A tour de force of spontaneous musicmaking and an object lesson in how to put prodigious technical facility at the service of the music, rather than something to be admired for its own mechanical and ultimately barren sake, master saxophonist Dave Liebman's The Distance Runner
is from a solo concert recorded at the Willisau festival in '04. An entire album of solo saxophone music (with a brief flute interlude) might sound like hard work for the listener (and sometimes it sure enough is). But this one is a warm and engrossing delight.
Liebman has explored much of the material here on earlier, studio-recorded CDsthe soprano features "The Loneliness Of A Long Distance Runner" and "The Tree: Roots, Limbs, Branches," the tenor feature "Colors: Red, Gray, Yellow," and the extended tenor/soprano/pre-recorded tape suite "Time Immemorial: Before, Then, Now, After." But so passionate is his commitment to in-the-moment creation, and so fecund is his imagination, that these are entirely fresh, new-architecture readings. The Sidney Bechet and John Coltrane covers "Petite Fleur" and "Peace On Earth," the first charming, the second soulful, are new to me. (Liebman isn't big on quotes, but there's a nice reference to "Auld Lang Syne" woven into the final chorus of "Peace On Earth.")
Liebman's dedication to spontaneous, open-skies creation was in part engendered by his studies with Lennie Tristano in the early '60s. Amongst his core exercises, Tristano would have his students perform a raft of standards in every key and at every speed, so that negotiating the changes ultimately ceased to be a conscious act, allowing head and heart to roam free. (Liebman himself has gone on to become an inspirational teacher to some of today's most compelling new stars: in an AAJ interview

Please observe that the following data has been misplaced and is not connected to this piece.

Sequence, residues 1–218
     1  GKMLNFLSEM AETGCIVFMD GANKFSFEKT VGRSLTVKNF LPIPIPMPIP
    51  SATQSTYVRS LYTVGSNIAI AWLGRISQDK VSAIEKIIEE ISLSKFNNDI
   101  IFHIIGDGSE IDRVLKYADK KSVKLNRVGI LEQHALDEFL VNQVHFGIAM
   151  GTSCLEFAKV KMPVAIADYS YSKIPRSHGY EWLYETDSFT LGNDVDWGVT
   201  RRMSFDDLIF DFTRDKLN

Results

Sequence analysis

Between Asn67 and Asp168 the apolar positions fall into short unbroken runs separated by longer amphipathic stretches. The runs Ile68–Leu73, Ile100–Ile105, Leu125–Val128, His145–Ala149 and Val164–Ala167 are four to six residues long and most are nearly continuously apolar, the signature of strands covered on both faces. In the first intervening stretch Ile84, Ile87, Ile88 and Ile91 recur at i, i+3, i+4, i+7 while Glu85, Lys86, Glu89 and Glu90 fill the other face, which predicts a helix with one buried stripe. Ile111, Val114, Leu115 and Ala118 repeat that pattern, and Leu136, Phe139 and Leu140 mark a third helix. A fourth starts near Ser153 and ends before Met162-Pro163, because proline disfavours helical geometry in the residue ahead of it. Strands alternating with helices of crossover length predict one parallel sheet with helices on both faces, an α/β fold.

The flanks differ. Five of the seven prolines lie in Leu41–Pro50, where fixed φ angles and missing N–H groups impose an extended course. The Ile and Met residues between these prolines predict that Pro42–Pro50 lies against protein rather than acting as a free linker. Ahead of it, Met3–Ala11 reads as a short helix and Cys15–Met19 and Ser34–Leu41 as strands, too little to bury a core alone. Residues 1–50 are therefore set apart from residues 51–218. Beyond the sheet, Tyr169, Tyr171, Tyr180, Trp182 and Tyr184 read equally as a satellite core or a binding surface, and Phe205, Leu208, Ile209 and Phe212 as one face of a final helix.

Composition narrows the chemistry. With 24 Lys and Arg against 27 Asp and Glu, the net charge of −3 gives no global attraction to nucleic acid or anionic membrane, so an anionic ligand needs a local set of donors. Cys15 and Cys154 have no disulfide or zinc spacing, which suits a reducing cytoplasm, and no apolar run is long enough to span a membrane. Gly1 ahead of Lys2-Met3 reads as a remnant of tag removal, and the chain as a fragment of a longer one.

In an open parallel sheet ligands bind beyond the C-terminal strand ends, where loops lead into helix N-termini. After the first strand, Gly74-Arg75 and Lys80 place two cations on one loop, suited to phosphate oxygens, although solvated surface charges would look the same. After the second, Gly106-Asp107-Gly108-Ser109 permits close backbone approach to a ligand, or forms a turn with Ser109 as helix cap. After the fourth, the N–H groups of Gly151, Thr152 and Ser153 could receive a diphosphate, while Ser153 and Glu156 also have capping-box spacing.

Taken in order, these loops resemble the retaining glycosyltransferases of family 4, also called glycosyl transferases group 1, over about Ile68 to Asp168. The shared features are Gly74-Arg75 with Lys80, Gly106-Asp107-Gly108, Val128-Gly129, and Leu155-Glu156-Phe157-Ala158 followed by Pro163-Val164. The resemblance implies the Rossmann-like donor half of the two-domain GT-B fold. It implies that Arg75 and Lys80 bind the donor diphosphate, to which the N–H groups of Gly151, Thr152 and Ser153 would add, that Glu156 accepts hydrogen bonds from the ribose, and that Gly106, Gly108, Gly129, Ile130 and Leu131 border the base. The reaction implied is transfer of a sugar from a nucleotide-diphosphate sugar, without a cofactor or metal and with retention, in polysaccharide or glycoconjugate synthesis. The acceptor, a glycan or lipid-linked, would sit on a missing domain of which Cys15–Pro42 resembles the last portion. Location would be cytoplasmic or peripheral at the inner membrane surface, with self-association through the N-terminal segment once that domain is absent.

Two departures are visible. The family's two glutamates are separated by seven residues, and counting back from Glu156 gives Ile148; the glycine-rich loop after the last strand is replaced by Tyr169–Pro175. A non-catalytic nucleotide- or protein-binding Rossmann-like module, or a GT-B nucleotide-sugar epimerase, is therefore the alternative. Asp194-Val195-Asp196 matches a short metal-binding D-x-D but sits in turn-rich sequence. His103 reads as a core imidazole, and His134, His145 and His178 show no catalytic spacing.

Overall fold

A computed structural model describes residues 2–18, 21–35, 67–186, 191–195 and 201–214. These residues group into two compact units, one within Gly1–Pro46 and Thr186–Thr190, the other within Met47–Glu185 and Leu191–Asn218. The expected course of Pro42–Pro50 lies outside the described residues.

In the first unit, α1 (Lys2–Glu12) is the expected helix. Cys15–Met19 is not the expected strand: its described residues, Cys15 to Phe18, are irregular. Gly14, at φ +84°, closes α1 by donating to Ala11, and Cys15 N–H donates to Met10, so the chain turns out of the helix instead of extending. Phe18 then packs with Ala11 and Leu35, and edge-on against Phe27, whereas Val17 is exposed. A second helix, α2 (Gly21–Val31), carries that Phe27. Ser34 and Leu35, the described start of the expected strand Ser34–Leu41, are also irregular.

last summer, Ingrid Laubrock described studying with Liebman as "one of the biggest changes that has happened to me as musician.")
As a masterclass in advanced technique, The Distance Runner
is without recent parallel. Liebman packs serious weight at every point on the register, ar-tic-u-lates with microscopic precision at even the fastest speeds, has perfect control of harmonics and multiphonics, and has developed a uniquely soaring, hi-frequency, vibrato-less tone (appropriately, he allows himself the occasional vibrato on "Petite Fleur"), to which the only thing to do is surrender yourself.
Sixty or so years ago, a young musician sat in on a jam session with Coleman Hawkins. Afterwards a friend asked him what the experience had been like. "Fantastic," he said, "but Hawkins scared the shit out of me."
"Coleman Hawkins is meant
to scare the shit out of you," replied his friend. I don't know about anyone else, but Liebman scares the shit out of me.
Personnel: Dave Liebman: soprano and tenor saxophones, wooden flute.